‘The Green Bus!’ happy tree-hugging hippy chic in the tie-dyed headband shouted… then looked nervously around to see if she’d reacted a little too strongly… then giggled.

Hope, compassion and will shifted their chairs a little closer to the conversation. We all saw this as a good sign. Perhaps… if those guys were gaining some interest…

‘The Green Bus…’ mother mused. ‘That’s not a bad idea.’

‘And Twitter… and RedBubble… don’t forget them.’ Geeky emo chic suddenly became interested in the conversation and jumped in with heaps of techie ideas. But to be honest, she gets so intense and geeky sometimes that most of us just lose track of where she’s going and turn off. To save geeky emo chic from doing her pills because no-one was listening to her, we gave her some new glitter pens and an A4 size notebook and sent her off with the pedantic whining one (’cause she would have just been a pain in the arse anyway) to make a long and detailed list of it all… all the while assuring both of them that they were doing a great job.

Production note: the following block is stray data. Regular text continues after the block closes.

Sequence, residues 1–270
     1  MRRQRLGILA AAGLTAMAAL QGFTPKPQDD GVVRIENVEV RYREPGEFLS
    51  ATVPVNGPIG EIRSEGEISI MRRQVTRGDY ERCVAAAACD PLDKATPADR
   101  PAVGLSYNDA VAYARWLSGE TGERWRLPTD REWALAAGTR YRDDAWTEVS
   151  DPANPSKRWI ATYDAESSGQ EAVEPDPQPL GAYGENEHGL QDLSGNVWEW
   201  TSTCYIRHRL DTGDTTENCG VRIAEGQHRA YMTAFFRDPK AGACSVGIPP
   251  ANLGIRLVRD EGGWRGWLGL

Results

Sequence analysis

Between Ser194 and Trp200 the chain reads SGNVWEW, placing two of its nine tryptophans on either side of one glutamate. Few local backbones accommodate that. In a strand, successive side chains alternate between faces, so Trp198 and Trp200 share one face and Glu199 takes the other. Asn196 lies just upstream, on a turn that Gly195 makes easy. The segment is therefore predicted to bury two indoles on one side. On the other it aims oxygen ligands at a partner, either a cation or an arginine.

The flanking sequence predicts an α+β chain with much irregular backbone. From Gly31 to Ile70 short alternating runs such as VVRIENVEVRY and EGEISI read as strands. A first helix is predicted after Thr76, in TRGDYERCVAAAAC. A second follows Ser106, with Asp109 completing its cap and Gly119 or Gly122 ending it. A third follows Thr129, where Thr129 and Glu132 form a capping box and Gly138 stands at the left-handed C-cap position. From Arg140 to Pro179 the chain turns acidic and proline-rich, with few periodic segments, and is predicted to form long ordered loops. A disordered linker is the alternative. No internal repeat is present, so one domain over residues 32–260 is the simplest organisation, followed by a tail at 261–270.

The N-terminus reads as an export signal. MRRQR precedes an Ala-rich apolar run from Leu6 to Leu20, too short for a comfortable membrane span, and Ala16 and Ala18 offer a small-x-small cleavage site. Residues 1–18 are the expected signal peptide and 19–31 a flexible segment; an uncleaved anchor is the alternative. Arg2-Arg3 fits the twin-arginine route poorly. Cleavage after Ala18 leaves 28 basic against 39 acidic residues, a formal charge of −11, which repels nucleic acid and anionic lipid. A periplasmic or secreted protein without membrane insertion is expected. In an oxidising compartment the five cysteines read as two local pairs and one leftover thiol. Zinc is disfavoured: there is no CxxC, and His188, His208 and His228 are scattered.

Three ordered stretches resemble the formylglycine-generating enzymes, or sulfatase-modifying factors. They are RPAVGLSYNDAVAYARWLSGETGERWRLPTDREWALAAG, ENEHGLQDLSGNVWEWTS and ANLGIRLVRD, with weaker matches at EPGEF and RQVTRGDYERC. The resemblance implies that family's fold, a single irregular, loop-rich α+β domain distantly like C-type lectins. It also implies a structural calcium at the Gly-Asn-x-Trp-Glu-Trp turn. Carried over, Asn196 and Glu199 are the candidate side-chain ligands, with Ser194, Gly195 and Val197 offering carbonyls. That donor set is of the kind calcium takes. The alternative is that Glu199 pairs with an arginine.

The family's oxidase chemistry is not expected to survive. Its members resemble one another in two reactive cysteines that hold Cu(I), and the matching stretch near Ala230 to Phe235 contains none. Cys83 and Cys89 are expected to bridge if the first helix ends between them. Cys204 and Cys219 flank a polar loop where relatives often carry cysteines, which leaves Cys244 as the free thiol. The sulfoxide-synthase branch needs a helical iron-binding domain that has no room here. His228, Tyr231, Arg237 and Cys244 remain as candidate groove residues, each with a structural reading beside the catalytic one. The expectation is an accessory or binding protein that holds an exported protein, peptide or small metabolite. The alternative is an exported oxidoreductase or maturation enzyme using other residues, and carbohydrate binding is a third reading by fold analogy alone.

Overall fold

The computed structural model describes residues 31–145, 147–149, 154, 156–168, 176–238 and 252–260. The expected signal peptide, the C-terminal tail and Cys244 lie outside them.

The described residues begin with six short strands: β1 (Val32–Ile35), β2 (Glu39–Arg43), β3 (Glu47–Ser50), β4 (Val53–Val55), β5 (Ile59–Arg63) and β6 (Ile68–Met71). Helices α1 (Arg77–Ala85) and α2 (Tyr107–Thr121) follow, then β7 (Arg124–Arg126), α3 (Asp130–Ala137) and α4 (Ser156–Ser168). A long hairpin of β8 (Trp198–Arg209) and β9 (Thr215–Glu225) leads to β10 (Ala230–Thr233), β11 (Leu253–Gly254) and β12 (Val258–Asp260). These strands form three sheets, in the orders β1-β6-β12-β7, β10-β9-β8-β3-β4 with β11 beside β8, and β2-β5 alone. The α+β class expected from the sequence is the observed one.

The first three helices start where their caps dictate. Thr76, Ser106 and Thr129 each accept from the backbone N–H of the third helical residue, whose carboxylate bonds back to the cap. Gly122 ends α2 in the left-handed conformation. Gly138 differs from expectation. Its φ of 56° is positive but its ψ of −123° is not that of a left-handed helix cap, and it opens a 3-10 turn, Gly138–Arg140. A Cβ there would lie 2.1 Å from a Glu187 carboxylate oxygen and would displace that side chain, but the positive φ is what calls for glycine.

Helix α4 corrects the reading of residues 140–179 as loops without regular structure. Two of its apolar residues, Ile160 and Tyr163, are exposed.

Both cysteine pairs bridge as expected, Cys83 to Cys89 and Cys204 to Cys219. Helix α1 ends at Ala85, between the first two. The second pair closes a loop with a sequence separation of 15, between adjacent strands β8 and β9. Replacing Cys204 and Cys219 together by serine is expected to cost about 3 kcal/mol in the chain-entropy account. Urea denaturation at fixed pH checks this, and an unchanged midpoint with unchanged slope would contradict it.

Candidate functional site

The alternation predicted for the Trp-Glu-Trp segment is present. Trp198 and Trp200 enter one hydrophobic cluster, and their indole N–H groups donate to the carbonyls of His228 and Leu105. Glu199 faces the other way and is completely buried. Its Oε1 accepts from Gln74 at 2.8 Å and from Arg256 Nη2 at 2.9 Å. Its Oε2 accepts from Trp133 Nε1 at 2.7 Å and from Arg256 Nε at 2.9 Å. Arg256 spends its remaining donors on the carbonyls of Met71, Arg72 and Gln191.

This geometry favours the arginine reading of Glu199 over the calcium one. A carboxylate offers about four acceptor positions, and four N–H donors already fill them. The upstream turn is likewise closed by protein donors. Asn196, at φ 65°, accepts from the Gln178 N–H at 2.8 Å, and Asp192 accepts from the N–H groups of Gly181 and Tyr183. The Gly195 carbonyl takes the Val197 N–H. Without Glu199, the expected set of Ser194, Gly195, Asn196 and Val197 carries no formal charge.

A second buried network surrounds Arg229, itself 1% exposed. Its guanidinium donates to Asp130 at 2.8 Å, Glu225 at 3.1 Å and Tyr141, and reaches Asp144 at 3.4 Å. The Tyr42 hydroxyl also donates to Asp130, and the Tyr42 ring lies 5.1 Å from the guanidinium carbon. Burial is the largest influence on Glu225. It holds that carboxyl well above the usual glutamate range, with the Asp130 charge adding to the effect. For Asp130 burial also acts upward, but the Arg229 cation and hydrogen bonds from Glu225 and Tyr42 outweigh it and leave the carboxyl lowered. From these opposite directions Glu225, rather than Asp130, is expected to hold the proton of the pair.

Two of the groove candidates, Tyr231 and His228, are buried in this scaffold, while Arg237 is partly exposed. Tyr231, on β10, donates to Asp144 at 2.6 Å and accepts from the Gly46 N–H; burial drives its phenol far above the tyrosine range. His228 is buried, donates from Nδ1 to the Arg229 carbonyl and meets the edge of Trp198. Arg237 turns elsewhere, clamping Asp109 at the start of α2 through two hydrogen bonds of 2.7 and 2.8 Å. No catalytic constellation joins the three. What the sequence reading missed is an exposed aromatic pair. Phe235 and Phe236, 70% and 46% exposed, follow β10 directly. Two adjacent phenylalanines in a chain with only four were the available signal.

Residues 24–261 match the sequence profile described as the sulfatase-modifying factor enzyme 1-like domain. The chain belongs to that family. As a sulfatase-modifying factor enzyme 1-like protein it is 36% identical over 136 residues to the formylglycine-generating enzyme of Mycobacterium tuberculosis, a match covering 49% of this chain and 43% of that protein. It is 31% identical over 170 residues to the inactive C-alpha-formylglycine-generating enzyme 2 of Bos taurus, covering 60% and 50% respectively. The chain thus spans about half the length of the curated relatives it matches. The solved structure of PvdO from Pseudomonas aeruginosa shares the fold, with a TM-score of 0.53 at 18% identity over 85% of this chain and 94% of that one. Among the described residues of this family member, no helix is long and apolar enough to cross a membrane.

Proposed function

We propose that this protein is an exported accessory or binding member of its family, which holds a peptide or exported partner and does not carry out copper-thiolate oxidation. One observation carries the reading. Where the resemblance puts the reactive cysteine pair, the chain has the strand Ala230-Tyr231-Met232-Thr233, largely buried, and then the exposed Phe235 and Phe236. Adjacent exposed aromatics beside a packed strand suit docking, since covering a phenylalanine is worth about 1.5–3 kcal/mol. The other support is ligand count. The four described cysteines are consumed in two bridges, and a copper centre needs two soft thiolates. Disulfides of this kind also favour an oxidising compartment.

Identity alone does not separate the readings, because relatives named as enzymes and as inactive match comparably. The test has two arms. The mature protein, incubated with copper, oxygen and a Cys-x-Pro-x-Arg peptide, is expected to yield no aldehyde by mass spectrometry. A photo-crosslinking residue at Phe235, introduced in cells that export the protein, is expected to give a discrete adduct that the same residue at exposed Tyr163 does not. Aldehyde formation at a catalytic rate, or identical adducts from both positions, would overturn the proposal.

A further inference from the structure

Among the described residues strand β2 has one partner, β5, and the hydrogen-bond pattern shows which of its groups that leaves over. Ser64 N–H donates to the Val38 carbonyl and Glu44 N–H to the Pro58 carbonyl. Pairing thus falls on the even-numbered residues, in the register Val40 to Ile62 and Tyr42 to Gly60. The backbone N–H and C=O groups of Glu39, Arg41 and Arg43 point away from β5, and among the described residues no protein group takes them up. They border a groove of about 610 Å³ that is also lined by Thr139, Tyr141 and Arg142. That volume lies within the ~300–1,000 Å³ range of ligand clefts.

Suddenly brutal honesty spoke up with the thought that we’d all put off speaking. We all sighed…

‘How much can we raise… really?’ she asked. ‘What if our effort comes to nought?’

‘It won’t,’ the dreamer injected. ‘None of it will be for nought. We may raise $20… we may raise $200… but not one cent of it will be for nought. Every little bit helps, even if it’s to buoy the spirits. Sometimes the outcome of an experience is more rewarding than mere dollars and cents, you know. Has anyone ever thought of that?’ A short silence ensued as we mentally slapped ourselves in the head for being so worried about our artistic ‘value’… probably broken by the munching of chips, or something similar…